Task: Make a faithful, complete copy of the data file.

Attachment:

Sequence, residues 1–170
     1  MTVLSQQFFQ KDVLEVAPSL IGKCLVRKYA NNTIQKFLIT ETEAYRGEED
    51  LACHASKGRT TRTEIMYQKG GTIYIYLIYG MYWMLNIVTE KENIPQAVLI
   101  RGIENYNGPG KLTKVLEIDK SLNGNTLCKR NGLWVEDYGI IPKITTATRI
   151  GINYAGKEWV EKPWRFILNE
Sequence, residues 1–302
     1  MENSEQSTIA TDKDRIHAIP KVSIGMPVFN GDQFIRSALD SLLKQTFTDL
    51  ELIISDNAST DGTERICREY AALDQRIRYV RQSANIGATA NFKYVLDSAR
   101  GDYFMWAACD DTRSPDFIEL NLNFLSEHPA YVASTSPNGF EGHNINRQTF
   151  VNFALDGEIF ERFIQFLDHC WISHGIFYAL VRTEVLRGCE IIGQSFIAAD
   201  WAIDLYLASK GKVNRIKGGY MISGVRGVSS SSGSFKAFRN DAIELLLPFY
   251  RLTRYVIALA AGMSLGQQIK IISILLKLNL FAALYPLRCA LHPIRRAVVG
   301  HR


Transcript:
Sequence, residues 1–170
     1  MTVLSQQFFQ KDVLEVAPSL IGKCLVRKYA NNTIQKFLIT ETEAYRGEED
    51  LACHASKGRT TRTEIMYQKG GTIYIYLIYG MYWMLNIVTE KENIPQAVLI
   101  RGIENYNGPG KLTKVLEIDK SLNGNTLCKR NGLWVEDYGI IPKITTATRI
   151  GINYAGKEWV EKPWRFILNE
Sequence, residues 1–302
     1  MENSEQSTIA TDKDRIHAIP KVSIGMPVFN GDQFIRSALD SLLKQTFTDL
    51  ELIISDNAST DGTERICREY AALDQRIRYV RQSANIGATA NFKYVLDSAR
   101  GDYFMWAACD DTRSPDFIEL NLNFLSEHPA YVASTSPNGF EGHNINRQTF
   151  VNFALDGEIF ERFIQFLDHC WISHGIFYAL VRTEVLRGCE IIGQSFIAAD
   201  WAIDLYLASK GKVNRIKGGY MISGVRGVSS SSGSFKAFRN DAIELLLPFY
   251  RLTRYVIALA AGMSLGQQIK IISILLKLNL FAALYPLRCA LHPIRRAVVG
   301  HR